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Avoid the Biggest Myth in Fundraising and Build Your Donor Program Right

I often have organizations coming to me, telling me they need to raise more money. They want to know how to find new donors.


The first thing I want to know is how they treat their donors.


The Myth of Fundraising

I hear it a lot, particularly from start-up organizations: we just need to find that one person who can write a big check, and then we can achieve our programming goals.


It’s an easy trap to fall into, thinking that your organization’s challenge is not having enough donors when your fundraising focus is just getting new donors in the door.


It’s an easy trap to fall into, thinking you just need to go out and find that one high-capacity person in your network or community and deliver the perfect pitch, when you think fundraising is about getting new donors.


The Reality is Different

Fundraising isn’t about finding new donors. At least, not entirely.


Fundraising is about building relationships with people who share your mission and values and want the kind of impact you are striving to make in the world.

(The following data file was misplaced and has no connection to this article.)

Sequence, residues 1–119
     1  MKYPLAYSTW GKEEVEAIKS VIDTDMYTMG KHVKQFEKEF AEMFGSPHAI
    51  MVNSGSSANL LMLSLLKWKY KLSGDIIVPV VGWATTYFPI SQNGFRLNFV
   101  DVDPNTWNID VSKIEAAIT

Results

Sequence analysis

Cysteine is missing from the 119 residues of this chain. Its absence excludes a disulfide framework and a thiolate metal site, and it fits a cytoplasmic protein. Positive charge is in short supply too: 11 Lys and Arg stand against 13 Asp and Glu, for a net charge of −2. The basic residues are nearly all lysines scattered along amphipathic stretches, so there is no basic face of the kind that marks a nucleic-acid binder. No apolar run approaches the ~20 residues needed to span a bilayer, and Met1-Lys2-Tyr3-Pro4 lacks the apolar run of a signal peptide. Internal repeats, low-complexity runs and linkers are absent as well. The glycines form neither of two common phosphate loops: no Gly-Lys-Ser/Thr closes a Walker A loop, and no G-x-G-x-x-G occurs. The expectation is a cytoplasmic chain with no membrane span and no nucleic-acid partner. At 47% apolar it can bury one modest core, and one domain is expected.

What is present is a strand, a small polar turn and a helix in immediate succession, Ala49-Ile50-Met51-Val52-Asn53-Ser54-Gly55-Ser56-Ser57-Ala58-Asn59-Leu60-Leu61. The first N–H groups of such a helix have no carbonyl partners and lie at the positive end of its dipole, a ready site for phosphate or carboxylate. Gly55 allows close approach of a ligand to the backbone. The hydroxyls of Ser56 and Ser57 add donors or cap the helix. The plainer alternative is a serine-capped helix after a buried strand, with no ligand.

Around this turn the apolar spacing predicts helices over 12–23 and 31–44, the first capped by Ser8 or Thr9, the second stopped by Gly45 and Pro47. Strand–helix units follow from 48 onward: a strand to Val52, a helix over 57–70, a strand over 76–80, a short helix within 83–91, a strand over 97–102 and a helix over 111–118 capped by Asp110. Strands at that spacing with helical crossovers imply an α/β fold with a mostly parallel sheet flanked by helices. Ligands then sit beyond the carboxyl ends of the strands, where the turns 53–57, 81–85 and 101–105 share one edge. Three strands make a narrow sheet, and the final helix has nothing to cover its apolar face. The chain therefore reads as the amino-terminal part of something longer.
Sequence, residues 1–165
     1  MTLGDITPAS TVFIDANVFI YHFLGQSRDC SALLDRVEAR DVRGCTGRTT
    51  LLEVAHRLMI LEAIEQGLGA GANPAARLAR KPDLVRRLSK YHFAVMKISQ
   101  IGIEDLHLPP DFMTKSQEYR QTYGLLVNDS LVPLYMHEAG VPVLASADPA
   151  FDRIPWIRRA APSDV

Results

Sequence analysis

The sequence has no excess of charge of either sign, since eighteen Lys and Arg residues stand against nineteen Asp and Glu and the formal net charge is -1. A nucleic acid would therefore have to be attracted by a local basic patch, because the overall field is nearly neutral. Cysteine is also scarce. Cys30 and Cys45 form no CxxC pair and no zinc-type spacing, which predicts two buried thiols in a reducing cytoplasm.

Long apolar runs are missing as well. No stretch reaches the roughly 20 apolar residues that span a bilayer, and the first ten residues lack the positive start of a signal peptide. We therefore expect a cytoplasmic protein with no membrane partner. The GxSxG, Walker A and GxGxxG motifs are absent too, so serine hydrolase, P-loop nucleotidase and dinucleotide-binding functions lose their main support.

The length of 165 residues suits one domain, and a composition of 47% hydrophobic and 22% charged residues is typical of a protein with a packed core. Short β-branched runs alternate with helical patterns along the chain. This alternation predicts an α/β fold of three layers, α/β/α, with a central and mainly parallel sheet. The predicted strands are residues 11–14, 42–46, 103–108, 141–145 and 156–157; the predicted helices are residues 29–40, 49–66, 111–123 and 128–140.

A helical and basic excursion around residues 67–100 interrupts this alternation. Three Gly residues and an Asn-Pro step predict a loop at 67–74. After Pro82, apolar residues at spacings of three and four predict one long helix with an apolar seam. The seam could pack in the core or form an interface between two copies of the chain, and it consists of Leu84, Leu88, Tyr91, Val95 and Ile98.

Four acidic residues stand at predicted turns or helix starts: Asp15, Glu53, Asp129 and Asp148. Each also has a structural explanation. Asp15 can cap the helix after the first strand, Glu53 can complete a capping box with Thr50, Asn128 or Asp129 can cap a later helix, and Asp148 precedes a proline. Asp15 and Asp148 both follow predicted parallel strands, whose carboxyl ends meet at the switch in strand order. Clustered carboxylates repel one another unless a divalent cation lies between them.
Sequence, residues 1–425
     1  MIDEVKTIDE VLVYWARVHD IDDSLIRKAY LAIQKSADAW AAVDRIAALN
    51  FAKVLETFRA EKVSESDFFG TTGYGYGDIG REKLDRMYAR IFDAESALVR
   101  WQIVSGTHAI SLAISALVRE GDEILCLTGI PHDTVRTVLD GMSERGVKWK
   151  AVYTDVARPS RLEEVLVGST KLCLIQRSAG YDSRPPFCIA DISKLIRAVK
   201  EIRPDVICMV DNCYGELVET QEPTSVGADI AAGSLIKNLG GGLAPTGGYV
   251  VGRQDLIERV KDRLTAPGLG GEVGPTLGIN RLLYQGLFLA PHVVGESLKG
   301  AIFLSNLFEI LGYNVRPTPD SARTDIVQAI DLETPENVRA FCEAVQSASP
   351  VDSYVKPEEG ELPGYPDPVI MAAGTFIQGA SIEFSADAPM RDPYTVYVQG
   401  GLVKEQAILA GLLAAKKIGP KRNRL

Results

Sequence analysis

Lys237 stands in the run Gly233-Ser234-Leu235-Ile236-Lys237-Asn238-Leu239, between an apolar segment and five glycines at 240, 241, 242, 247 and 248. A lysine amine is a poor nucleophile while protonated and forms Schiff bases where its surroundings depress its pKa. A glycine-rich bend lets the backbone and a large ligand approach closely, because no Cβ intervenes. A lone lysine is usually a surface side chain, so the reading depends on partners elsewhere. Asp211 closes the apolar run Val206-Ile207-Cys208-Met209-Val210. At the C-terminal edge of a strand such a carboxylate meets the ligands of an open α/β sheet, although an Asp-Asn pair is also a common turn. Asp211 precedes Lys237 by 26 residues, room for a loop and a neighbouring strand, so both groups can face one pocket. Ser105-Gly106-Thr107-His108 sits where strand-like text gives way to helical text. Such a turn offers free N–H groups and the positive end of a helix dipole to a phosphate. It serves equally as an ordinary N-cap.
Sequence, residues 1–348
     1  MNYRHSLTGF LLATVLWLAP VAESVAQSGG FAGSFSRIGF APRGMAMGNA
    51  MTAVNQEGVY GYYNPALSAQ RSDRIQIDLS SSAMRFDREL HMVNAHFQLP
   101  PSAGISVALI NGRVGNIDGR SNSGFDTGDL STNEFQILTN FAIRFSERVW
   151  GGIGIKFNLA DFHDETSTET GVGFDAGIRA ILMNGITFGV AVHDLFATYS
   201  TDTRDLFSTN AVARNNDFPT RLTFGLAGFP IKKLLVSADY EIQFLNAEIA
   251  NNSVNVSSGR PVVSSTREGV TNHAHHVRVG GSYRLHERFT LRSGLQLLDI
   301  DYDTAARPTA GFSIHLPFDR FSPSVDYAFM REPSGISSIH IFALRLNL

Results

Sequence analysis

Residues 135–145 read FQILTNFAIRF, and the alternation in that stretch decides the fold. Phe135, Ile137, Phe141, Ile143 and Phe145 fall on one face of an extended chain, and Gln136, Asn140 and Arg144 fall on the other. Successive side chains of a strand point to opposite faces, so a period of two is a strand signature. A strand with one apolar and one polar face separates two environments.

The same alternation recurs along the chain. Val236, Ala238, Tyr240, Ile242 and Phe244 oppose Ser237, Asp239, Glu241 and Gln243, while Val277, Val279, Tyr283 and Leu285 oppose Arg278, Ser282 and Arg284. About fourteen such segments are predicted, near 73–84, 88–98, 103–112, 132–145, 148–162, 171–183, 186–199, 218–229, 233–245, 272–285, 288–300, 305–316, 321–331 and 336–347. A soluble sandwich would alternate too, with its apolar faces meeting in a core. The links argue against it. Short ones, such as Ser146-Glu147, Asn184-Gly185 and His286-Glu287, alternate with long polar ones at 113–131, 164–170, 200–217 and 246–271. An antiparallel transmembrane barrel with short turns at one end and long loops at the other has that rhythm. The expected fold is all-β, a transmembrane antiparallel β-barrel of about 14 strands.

Donors like to give to things their friends and family are involved in. They like people vouching for organizations they might invest in. They are looking for an organization to have mission and value fit.

And if they are going to write you a big check, they want to have some kind of relationship with you.


Which means they’re not the random celebrity in town that you just need to get in front of with the perfect pitch.


The reality is, for established organizations, the person who will give you a significant donation is already giving to you.


They are already investing in you and getting to know you. They want to know that their investment will have the returns of impact they are looking for.


If you’re a startup, donors need to feel inspired by what you will achieve and confident you know what to do to achieve it and can deliver. And they may not be writing that big check until you’ve proved some impact.


It takes a lot of work to get new donors to give to you. It’s important, time consuming, multi-year, relationship-focused work.


And it will take on average 18-24 months of relationship building for a donor to make a significant gift to your organization.


There is no magic bullet to finding new donors. There is no shortcut. You just have to put in the leg work.


Are you ready to put in the work to build an organization doing great work for the long haul? I can help. Let’s talk.

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Megan Amundson is a nonprofit consultant who trains and coaches leaders of